Children's Literature On Physical Disabilities

In thinking about instructional practice related to physical disabilities, I began to think about how important it is to teach all children, disabled or not, about physical disabilities so that they are respectful and accepting of individuals with physical disabilities. One of the best ways to instruct children of all ages is through literature, and I discovered this list complied by the National Information Center for Youth and Children with Disabilities. The listing also includes titles that deal with attention deficit hyperactivity disorder (ADHD), blindness, cerebral palsy, deafness, learning disabilities, and serious or life-threatening conditions. The key and physcial disabilities listings are presented below and the complete listing is available at:


The following codes are used to identify the appropriate readers of each book:

JP= Juvenile Picture Book
Suitable for preschoolers to third graders, these books are generally 32 pages in length, with an illustration on each page and minimal text; typically designed for parents to read to their children or for older children to read on their own

JE = Juvenile Easy Reader
Suitable for children who are beginning to read on their own, such as those in first or second grade; ranging from 30 to 80 pages long, these books depend upon repetition of words, phrases, and sentence patterns, and have a controlled or limited vocabulary; illustrations are included to break up the text, which is generally in an easy-to-read large typeface

JF = Juvenile Fiction
Known as children's fiction or chapter books, these are suitable for children in Grades 2-6; ranging in length from 60 to 200 pages, the books are generally divided into chapters, contain fewer illustrations, and have more complicated plots or concepts than either JP or JE books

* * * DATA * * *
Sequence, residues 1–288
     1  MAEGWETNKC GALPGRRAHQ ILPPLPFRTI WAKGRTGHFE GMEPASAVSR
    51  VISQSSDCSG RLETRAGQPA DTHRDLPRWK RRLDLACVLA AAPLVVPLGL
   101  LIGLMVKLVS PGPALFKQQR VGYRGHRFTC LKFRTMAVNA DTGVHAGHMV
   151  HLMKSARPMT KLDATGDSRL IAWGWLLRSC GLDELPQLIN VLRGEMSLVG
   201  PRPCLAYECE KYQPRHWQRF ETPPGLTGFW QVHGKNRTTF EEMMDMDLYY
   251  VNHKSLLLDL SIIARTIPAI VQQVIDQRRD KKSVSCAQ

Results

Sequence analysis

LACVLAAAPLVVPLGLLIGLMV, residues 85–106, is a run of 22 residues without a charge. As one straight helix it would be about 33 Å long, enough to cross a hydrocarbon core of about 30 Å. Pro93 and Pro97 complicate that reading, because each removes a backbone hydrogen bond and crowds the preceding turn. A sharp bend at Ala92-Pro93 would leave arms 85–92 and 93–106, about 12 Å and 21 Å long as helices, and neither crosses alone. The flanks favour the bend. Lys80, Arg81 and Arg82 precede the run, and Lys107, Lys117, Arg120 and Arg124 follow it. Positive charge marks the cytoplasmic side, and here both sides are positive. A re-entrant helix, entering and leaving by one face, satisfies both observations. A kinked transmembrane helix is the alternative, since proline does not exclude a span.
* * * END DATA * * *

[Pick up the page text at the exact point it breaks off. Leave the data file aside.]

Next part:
YA = Young Adult
Intended for young adults ranging from Grade 5 through Grade 12, these books present more complicated plots and deal with topics and concerns of general interest to the young adult population; not all libraries have a young adult section, so it may be necessary to look for these books in the adult collection

Physical Disabilities Literature Listing

Behrman, Carol H. (1992). Fiddler to the world: The inspiring life of Itzhak Perlman. White Hall, VA: Shoe Tree Press. (YA, non-fiction)

Bergman, T. (1989). On our own terms: Children living with physical disabilities. Milwaukee: Gareth Stevens Children's Books. (JE, nonfiction)

Butler, Beverly. (1994). Witch's fire. New York: Cobblehill Books. (Wheelchair) (JF)

Calvert, Patricia. (1993). Picking up the pieces. New York: Scribner's, Maxwell Macmillan International. (About spinal cord injury) (YA)

Carlson, Nancy L. (1990). Arnie and the new kid. New York: Viking. (About a boy in a wheelchair) (JP)

De Angeli, Marguerite. (1989). The door in the wall. New York: Doubleday. (YA)

Feuer, Elizabeth. (1990). Paper doll. New York: Farrar, Straus, & Giroux. (YA)

Glover, Nancy. (1990). Speedway Sam: A book about spinal injury for children. Birmingham, AL: University of Alabama at Birmingham. (Grades 3-6)

Johnston, Julie. (1992). Hero of lesser causes. Boston: Joy Street Books. (About a child with polio) (YA)

Krementz, Jill. (1992). How it feels to live with a physical disability. New York: Simon & Schuster. (YA, nonfiction)

Kriegsman, K.H., Zaslow, E.L., & D'Zmura-Rechsteiner, J. (1992). Taking charge: Teenagers talk about life and physical disabilities. Rockville, MD: Woodbine House. (YA, Grades 7-12)

Meyer, Carolyn. (1990). Killing the kudu. New York: Margaret K. McElderry Books. (About paraplegia) (YA)

Muldoon, K.M. (1989). Princess pooh. Niles, IL: Albert Whitman & Company. (About a young girl and her sister who uses a wheelchair) (JP)

Osofsky, Audrey. (1992). My buddy. New York: Henry Holt & Company. (About a boy with muscular dystrophy) (JP)

Panzarino, C., Lash, M., & Jacobs, J. (1994). Rebecca finds a way: How kids learn, play, and live with spinal cord injuries and illnesses. Woburn, MA: National Spinal Cord injury Association. (JF)

Peckinpah, S.L. (1993). Chester…the imperfect all-star. Woodland Hills, CA: Scholars Press. (About a young boy with a leg anomaly) (JP)

Springer, Nancy, (1991). Colt. New York: Dial Books for Young Readers. (About a child with a crippling disease) (JF)

Strachan, Ian. (1990). The flawed glass. Boston: Little, Brown. (YA)

Taylor, Theodore. (1991). The weirdo. San Diego: Harcourt Brace Jovanovich. (YA)

Wells, Rosemary, & Craik, Dinah M. (1990). Little lame prince. New York: Dial Books for Young Readers. (JP)

Wright, Betty. (1989). Rosie and the dance of the dinosaurs. New York: Holiday House. (About a child with nine fingers) (J)

Added by Jennifer Kirmes